Daytime wetting in older children is a little more common in girls, but both sexes can be affected. Children often describe that they don’t feel like they need to go to the bathroom until the last minute. Then it’s too late and urine begins to come out in their underwear.
Parents describe the frustration of noticing that their child is fidgeting or reminding them to go to the bathroom, with their child responding “I don’t have to go”. Five minutes later, urine is leaking out or they are urgently trying to find a bathroom.
Here are some strategies to help solve your child’s daytime wetting.
Use a timed voiding program with a vibratory reminder watch.
Set the watch to vibrate about every 2 hours to remind your child to stop what they are doing and use the bathroom. The newest watch is this kid-friendly Rodger 8-Alarm Reminder Watch, which even comes with two replacement bands.
Use the watch for several months, until your child begins to anticipate when they need to go.
Since the other children don’t know the watch is a special reminder, there is no reason that your child can’t use this daily until they develop a new habit.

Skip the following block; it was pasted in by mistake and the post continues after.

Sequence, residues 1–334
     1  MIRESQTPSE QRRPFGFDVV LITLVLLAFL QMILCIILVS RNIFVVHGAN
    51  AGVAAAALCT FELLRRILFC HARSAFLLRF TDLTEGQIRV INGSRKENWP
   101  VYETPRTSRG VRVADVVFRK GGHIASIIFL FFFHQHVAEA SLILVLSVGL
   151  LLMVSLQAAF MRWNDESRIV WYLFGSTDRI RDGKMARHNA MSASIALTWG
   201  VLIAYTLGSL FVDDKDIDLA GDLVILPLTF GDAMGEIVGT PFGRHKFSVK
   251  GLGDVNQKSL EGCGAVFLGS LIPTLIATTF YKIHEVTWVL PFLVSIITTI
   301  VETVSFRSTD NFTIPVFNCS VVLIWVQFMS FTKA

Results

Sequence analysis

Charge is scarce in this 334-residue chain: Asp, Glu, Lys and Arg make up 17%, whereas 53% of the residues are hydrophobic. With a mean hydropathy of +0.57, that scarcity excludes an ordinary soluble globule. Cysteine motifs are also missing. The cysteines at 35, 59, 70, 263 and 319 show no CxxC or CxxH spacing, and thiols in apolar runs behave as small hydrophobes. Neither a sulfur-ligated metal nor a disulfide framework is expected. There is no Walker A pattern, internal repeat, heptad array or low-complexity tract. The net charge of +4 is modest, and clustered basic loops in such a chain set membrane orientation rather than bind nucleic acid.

Use the bathroom at the scheduled time even if he or she doesn’t feel like they need to go.
Since many children can tune out messages from their body, they may not “feel” the urge until it’s too late. Emptying the bladder regularly prevents it from becoming overfull.
Make sure there are no problems with using the school bathroom.
Remove obstacles such as teacher not giving permission, bathroom too dirty, scared of who might be in the bathroom, getting lost, no toilet paper, etc.
Insure that your child has enough fluid during the day.
Taking a water bottle to school may help. If urine is too concentrated, it can irritate the bladder and make the problem worse.
Forget to talk with your child’s health care provider to rule out any medical reasons for the wetting.
This is especially important if your child had been dry and has just begun have daytime accidents.
Punish your child for wetting.
Use positive reinforcement if they follow the watch’s reminder to go the bathroom at the regularly scheduled time. This is something they can control, that will ultimately lead to dry underwear.
Forget to monitor bowel movements.
Constipation and infrequent stools contribute to wetting accidents.
Talk to your pediatrician about diet changes or medications that can help with this.
Let wet pants become a family battle.
Instruct your child in changing wet clothes and where to put them. Help them prevent odor by cleaning skin after wetting.